Then, when you go to output a new file of type ild, you can choose option 4 or 5, to generate a frame set from a function applied to either just the current frame, selected frames or the entire frame set. Your new function will appear, by name, in the list.

This is what makes LaserBoy so powerful! Look at how much direct control you have over the individual elements that make a frame set!

James. :)
 
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uCLinux

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I've been thinking about my build and something is bothering me.

For x and y, I believe I understand why I set the offset to 0v and then play the max wav file and amplify it until I see 5v. This way I can get +5v to -5v and take advantage of the scanner's entire range.

What I don't understand is why I do this for the r, g, b, and shutter channels.

As-is aren't we only taking advantage of 1/2 the dac output? Why not just put a unity gain amplifier there?
 
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Bionic-Badger

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No, that's by design: X and Y have 10Vpp. The R, G and B signals only have 5Vpp, and are differential unipolar (only using positive differential voltages).

Here are the electrical signal standards.

Also remember that the DAC output will not always be perfect, and your correction amp is to make sure that it really does go from 0 to 5V, not something like 0 to 4.8V or whatever the DAC outputs. Many DACs will not put out the full 5V.
 
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James_Lehman

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If you either built a kit or bought a pre-assembled board that has one of those wonderful DC/DC converters on it, then you can magically turn the single ended USB voltage into a differential voltage supply. If you measure your USB voltage it is supposed to be +5VDC, but often it's not quite that. It's usually a bit less. You need a true differential voltage supply to power the op-amps. That is, you need ground and a positive and negative voltage that are both about the same difference from ground. And the supply voltages need to be greater than the maximum voltage swing you expect to get as signals out of the op-amps.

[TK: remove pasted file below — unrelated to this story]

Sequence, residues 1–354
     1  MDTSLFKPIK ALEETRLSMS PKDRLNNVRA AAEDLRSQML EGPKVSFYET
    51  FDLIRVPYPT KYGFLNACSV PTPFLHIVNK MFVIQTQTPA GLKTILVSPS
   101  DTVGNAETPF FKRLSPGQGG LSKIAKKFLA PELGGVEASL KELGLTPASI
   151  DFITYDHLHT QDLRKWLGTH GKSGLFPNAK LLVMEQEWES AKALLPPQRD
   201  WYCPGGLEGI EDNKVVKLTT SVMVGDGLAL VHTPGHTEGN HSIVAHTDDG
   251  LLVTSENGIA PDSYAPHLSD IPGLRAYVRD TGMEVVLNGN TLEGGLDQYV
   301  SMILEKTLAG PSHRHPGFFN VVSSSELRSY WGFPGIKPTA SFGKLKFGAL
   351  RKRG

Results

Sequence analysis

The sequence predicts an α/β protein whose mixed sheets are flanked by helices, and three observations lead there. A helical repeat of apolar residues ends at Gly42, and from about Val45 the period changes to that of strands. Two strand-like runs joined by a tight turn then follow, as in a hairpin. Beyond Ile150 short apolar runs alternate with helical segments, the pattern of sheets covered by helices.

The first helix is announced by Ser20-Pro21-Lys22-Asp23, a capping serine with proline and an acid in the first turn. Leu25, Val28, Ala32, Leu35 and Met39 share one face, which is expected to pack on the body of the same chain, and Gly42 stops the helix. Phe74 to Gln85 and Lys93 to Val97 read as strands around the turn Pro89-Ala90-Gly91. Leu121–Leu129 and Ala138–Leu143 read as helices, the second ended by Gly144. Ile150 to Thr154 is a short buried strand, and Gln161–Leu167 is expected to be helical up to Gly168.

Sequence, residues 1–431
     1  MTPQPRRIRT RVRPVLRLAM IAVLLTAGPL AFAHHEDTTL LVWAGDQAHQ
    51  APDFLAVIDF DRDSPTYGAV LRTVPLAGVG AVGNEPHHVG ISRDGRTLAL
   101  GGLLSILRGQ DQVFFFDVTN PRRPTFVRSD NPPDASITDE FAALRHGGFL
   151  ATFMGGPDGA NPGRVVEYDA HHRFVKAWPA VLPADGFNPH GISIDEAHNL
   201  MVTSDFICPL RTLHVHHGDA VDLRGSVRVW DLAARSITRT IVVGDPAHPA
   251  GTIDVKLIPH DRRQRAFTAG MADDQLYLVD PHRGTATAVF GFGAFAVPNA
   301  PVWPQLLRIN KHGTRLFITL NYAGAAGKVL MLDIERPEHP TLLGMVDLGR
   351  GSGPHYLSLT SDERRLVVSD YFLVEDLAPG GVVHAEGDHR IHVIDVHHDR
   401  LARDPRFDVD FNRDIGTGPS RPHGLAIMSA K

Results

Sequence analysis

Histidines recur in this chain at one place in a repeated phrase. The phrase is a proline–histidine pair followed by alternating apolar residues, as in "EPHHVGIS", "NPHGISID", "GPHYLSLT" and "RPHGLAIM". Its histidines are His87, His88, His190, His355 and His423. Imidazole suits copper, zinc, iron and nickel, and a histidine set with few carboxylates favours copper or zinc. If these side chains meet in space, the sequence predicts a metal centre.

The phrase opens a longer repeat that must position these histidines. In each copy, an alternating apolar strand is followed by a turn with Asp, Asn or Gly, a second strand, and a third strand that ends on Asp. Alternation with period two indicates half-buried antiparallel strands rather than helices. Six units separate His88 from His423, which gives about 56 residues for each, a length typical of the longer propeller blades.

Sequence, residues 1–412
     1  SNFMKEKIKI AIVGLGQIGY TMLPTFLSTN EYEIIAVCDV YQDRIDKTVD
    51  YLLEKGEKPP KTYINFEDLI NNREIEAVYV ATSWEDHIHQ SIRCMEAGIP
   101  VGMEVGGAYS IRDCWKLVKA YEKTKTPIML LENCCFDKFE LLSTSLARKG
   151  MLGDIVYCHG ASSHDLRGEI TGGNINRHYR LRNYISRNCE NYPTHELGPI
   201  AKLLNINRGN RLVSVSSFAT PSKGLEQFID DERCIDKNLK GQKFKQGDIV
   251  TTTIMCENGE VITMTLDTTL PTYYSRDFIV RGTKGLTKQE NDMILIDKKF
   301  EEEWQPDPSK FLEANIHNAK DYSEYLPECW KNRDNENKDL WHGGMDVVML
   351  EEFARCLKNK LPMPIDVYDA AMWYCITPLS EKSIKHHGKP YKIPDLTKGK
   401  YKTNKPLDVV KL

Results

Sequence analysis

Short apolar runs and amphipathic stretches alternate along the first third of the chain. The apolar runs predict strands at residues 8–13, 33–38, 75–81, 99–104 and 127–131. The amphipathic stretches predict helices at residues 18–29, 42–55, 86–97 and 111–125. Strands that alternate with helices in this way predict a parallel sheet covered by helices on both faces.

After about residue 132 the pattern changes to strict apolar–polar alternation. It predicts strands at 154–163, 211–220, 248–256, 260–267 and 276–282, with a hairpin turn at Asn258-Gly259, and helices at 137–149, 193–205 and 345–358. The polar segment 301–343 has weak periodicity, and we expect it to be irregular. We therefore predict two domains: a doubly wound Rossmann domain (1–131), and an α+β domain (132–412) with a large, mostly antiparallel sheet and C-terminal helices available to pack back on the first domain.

That being said, you also need to take into account that a sound card was not originally designed to produce laser signals. It just happens to work well for the job.

The origin of laser vector art uses 8 bit unsigned values to designate the levels of the red, green and blue. DACs that are made specifically for laser display only need to convert these 8 bit numbers (all positive numerical values) to corresponding voltages from 0 to +5VDC. But if you use an audio DAC, these 8 bit unsigned values need to be converted to 16 bit signed (positive) values. This is done by shifting the 8 bits up 7 bits and making sure the highest bit in the 16 bit number is zero. This is the sign bit and zero designates a positive value. To make matters a bit more confusing, the correction amp is an inverter. So every channel of digital numerical information needs to be inverted or negated before it goes through the DAC so that, when inverted in the correction amp, it comes out with the proper voltage polarity.

There is a standard that all laser (color) modulation signals go from 0 to +5VDC, so you can play a wave that is all white and set the gains with a meter to exactly +5VDC.

There really is no standard as to the peak-to-peak voltage for scanner control signals. Scanner amps have an input sensitivity trim pot and they are typically set to give you a predictable swing in radians per input voltage. But it really comes down to what you want. If you are interested in graphics display on a screen then it makes sense to set your X and Y gains such that your projections fit well on the screen. It also makes sense to adjust them carefully to match each other so that when you project a circle, you get a circle and not an ellipse. It makes more sense to set these gains visually, since a meter won't tell you anything about the scanner amp's input sensitivity or if there is any difference between your X and Y amps.

Making a wave of the big white circle (frame 10 from the default frame set) in LaserBoy is a good test wave. Not only is it all white and therefore drives all the color channels to maximum, but it also gives you a nice signal for the scanners to set their maximum scan angle and match the gains to make a perfect circle. Since it is a circle, you will be able to see if your are clipping. If so, the circle will have flattened sides. Some audio DAC drivers have "digital gain". If your driver is set to have a digital gain of more than 1, it will clip when you play a wave that uses the full swing of a 16 bit signed digital stream. If you see this, you need to bring down the master volume in the audio device driver (software).